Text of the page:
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Cinnamon joins cholesterol battle

The next drug in your medicine cabinet might come from the spice aisle of the grocery store.

Although research is still preliminary, doctors and researchers are getting excited about the diabetes and cholesterol-fighting potential of cinnamon.

Cinnamon probably "can't harm in small doses, it may help and it's not adding calories," said Melinda Maryniuk, a senior dietician at the Joslin Diabetes Center in Boston.

A small study completed last year on the possible health benefits of cinnamon was "very exciting and promising," according to Dr. Andrew Greenberg, director of the obesity metabolism laboratory at Tufts University, who is so intrigued he has begun studying it himself.

The 40-day study, of 60 people in Pakistan with Type 2 diabetes, found that one gram a day of cinnamon -- one-fourth of a teaspoon twice daily -- significantly lowered the subjects' blood sugar, triglycerides (fatty acids in the blood), LDL (or "bad") cholesterol, and total cholesterol.

Don't go bananas with this, of course. In high doses -- no one knows exactly how much -- cinnamon is believed to be toxic, according to Richard Anderson, a researcher at the Beltsville Human Nutrition Research Center in Maryland, part of the US Department of Agriculture, who conducted the study in Pakistan.

And don't substitute cinnamon for prescription medication whose benefits are well established.

"Cinnamon is a lot less effective than statins" at lowering cholesterol levels in the blood, according to Dr. Frank Sacks, a physician at Brigham and Women's Hospital and professor of nutrition at the Harvard School of Public Health. Statins have been tested in rigorous studies on 70,000 people for five years or more. Compared to that, he said, the research on cinnamon is weak.

"There are certainly substances in plants that have very strong biological effects, so the concept is fine," he said. And plant derivatives "are being intensively researched at many places -- that's a hot topic."

But it's also "a little weird," he said, that the USDA study found that the beneficial effects of cinnamon lasted for at least 20 days after people stopped taking it. "I don't know of any drug or product whose effects persist for 20 days."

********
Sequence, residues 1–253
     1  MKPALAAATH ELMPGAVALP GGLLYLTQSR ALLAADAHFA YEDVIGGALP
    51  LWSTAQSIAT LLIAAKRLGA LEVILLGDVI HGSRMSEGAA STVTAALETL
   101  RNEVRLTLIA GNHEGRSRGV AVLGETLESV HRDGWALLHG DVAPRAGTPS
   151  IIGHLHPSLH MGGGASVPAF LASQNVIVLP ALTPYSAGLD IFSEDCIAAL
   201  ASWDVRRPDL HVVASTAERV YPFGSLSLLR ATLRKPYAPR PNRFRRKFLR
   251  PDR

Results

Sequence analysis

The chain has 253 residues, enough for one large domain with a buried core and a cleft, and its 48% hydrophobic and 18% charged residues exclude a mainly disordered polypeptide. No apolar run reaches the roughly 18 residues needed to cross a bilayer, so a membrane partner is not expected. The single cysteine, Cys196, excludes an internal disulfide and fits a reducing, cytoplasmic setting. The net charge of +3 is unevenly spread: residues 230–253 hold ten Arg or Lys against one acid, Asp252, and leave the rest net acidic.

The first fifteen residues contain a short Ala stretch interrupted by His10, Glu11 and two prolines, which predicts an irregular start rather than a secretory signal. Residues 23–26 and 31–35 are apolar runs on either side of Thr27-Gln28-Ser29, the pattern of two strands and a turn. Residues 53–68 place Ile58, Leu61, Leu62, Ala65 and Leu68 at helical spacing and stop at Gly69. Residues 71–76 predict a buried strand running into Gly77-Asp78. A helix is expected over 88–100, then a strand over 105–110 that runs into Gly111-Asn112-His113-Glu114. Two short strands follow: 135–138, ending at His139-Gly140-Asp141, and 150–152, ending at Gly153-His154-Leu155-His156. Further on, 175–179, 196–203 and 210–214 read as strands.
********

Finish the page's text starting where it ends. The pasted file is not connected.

For diabetics, cinnamon "does much the same thing as insulin" biochemically, said Don Graves, an adjunct professor of biochemistry at the University of California in Santa Barbara who has studied how cinnamon works in the body.

In Type 2 diabetes, the problem is that insulin no longer does a good job of escorting sugar into cells, said Anderson of the USDA. Cinnamon "makes cells more sensitive to the insulin that is available," he said.

An active ingredient in cinnamon, proanthocyanidin, worms its way inside cells, where it activates the insulin receptor. Once this receptor is activated, whether by insulin or cinnamon, chemical reactions occur allowing the cell to use energy from sugar.

A few other caveats are in order. If you have Type 2 diabetes, you should monitor your blood sugar carefully when adding cinnamon because the spice may intensify the effects of insulin medication -- or better yet, talk to your doctor first.

And don't use the good news about cinnamon to indulge regularly in calorie-laden cinnamon buns or muffins, warned Alice Lichtenstein, a professor at the Friedman School of Nutrition Science and Policy at Tufts University. Gaining weight would be worse for your health than not eating cinnamon, she said.

Finally, there may be an indirect health benefit to be had from cinnamon, according to Taiwanese scientists writing in the July 14 issue of Agriculture and Food Chemistry. Cinnamon oil, they found, kills mosquito larvae more effectively than DEET, a common pesticide and mosquito repellent. The next step is to test it against adult mosquitoes.

Judy Foreman is a freelance columnist who can be contacted at .

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